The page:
Are You Sure You Understand Herd Immunity?

A closer look at what it really means and some common misconceptions

The Covid-19 pandemic has made us familiar with terms more frequently used in infectious disease journals than in common parlance. But in conversations with patients, friends, and family, I’ve noticed that understanding of these terms is often inaccurate or incomplete. This is especially true when it comes to the concept of herd immunity.

Everyone seems to understand that herd immunity represents a crucial transition point for Covid-19, when the likelihood of getting infected drops and our ability to return to normal increases.

The questions around herd immunity have started to pick up as more Americans get vaccinated: How many more shots do we have to give before we achieve herd immunity? Are we already there? What about the idea that maybe herd immunity isn’t even achievable?

Before the headlines confuse your understanding of the term even more, let’s talk briefly about what herd immunity is and what people often misunderstand about it.

Defining herd immunity

For starters, let’s define it. Herd immunity (also known as community immunity) exists when a substantial proportion of the population is immune to an infectious disease—either through previous infection or vaccination—thus significantly limiting person-to-person spread.

What does ‘substantial’ mean? Well, it depends on the disease in question. For very contagious diseases like measles, over 90% of a population must be immune to limit transmission. For less contagious diseases, the number is much lower.

Seems straightforward, right? So what are the most common misconceptions when it comes to Covid-19 and herd immunity?

Misconception 1: The threshold for herd immunity is a fixed, known number

I often hear some version of “once we get 75% of people vaccinated, we can finally get back to normal,” as if the herd immunity threshold is set in stone or even definitively known.

But if you ask a dozen different infectious disease experts what the threshold is, you might get a dozen different answers. Sure, their answers will all be in a similar range — somewhere between 60–90%. And they’ll all agree it’s much higher than the percentage who’ve been vaccinated in the U.S. so far.

The reality is the herd immunity threshold isn’t a fixed number. It depends on multiple factors, which themselves aren’t fixed variables. That’s why it’s so hard to nail down exactly. But precision doesn’t matter—what matters are the principles driving it.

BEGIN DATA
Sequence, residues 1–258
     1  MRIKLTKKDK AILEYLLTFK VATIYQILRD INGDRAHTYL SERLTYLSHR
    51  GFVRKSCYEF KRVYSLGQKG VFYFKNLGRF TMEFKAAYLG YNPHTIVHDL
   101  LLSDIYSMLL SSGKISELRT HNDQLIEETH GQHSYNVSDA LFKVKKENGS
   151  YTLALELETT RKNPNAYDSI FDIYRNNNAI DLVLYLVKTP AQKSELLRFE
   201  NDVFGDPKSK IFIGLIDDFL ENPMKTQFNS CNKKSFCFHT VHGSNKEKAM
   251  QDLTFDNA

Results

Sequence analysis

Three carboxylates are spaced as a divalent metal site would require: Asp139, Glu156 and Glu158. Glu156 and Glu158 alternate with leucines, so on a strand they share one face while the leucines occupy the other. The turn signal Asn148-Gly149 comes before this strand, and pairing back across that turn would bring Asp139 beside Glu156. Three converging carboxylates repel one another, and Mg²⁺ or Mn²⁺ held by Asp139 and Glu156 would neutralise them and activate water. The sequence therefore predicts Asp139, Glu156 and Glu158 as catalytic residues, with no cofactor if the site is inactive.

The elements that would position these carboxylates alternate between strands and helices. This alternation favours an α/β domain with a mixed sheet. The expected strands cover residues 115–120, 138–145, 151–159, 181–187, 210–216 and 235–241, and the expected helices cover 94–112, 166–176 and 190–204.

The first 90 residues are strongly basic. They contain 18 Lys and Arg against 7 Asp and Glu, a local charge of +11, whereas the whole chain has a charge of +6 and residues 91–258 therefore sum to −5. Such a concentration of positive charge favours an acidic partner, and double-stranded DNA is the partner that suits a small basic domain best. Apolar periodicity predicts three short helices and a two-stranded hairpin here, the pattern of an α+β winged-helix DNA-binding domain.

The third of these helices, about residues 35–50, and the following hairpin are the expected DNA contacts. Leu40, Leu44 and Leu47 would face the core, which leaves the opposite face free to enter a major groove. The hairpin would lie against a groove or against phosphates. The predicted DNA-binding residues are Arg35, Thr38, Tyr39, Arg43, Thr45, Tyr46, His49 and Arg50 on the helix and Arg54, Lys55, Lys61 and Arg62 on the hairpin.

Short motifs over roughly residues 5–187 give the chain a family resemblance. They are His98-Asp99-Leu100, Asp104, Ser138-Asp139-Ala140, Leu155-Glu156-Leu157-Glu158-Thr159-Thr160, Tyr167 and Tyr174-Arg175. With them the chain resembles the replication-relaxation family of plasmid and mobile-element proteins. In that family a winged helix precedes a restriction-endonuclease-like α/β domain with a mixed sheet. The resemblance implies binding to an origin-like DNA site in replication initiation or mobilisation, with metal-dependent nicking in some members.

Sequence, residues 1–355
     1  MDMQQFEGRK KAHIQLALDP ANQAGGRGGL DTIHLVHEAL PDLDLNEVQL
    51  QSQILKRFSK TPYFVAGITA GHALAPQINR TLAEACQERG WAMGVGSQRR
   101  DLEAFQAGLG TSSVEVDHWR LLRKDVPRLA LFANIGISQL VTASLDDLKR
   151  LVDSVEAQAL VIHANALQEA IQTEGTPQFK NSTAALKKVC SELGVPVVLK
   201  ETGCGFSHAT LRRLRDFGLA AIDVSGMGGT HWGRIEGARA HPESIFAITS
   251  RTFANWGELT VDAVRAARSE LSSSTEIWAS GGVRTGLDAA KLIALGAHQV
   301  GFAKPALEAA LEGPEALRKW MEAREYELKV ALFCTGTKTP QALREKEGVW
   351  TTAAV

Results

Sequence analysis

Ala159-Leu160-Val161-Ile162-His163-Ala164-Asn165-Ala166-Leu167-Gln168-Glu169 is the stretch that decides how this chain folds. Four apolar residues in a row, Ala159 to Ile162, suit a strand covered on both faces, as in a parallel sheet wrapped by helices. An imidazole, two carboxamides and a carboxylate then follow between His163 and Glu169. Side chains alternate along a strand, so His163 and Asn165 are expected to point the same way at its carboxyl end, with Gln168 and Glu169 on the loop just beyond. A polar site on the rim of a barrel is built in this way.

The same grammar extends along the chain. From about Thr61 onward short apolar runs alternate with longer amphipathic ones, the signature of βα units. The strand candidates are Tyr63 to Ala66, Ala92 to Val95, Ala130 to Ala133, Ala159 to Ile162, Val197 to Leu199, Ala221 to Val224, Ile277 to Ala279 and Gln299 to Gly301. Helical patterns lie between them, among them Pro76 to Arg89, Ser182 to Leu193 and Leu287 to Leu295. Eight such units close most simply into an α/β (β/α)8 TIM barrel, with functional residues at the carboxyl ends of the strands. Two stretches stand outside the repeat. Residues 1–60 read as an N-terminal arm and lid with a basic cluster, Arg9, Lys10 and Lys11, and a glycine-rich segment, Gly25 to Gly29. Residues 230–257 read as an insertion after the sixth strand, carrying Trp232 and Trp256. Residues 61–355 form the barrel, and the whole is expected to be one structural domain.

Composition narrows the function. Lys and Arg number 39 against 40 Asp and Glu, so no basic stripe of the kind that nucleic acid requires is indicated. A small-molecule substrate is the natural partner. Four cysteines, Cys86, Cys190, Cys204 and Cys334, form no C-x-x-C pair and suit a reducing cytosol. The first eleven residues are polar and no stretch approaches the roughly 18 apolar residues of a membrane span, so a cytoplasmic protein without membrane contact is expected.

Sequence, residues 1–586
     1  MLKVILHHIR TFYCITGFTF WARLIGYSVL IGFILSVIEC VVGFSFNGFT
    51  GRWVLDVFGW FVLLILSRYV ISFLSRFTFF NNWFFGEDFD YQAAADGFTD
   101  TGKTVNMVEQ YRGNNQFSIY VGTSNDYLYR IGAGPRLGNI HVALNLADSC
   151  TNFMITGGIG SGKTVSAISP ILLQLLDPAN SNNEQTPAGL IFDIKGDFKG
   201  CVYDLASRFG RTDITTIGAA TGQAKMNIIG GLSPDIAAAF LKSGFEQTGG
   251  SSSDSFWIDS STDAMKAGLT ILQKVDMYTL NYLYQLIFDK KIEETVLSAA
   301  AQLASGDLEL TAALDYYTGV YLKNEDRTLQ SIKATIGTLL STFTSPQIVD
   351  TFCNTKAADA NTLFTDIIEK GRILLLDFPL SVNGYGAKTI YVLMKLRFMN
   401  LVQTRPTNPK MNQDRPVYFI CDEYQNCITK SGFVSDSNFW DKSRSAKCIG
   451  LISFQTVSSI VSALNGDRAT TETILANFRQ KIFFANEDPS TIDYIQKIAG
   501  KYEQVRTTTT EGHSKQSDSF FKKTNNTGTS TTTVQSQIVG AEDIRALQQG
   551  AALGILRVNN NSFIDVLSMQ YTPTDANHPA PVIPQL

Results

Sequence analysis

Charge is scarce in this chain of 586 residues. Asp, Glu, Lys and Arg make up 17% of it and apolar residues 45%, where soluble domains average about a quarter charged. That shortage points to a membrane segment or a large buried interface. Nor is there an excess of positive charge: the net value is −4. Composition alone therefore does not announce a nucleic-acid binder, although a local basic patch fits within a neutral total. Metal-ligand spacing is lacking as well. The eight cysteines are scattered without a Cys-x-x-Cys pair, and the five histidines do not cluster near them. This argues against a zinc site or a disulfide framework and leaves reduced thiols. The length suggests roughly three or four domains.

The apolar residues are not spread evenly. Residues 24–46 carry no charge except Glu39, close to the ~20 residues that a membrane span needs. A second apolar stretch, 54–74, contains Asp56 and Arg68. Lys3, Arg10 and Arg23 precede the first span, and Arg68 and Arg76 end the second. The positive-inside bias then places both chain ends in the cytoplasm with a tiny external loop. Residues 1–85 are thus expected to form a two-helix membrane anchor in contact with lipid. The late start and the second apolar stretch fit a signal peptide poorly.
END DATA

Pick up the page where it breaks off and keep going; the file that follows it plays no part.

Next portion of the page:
We know that continuing to practice public health measures like masking and distancing help drive the number down. That’s because they help prevent transmission as well.

A population that’s 50% vaccinated and abiding by mask mandates and indoor capacity limits is likely better at reducing transmission than one that’s 60% vaccinated but without these public health measures in place.

Also, more transmissible variants may raise the herd immunity threshold. With the more infectious B.1.1.7 variant causing the majority of new Covid-19 infections in the U.S., that will undoubtedly push the number higher.

Misconception 2: The herd immunity threshold is an on/off switch

Even if we don’t know the exact herd immunity threshold, it’s not as if something dramatically changes when we hit it. For the sake of argument, let’s say we reach herd immunity at 80%. It’s not as if everyone is vulnerable at 79% but the virus disappears once we cross the 80% threshold.

Every single vaccination gets us closer to herd immunity, because every percentage point increase in the population vaccinated gives the virus less opportunity to spread. As we’re currently witnessing, even with 27% of the U.S. population fully vaccinated, transmission can still occur. We continue to see 69,000 cases of Covid-19 every day on average in the U.S. Even so, the outbreak would undoubtedly be worse if fewer people were vaccinated.

Incremental increases in vaccination will get us closer to the herd immunity threshold, whatever it may be. But nothing magically changes once we cross it.

Misconception 3: The herd immunity estimate is a single country-wide number

When the herd immunity threshold is discussed in articles or on cable news, it’s usually presented as a single number along with a description of what it would take the whole country to get there. That’s just plain wrong.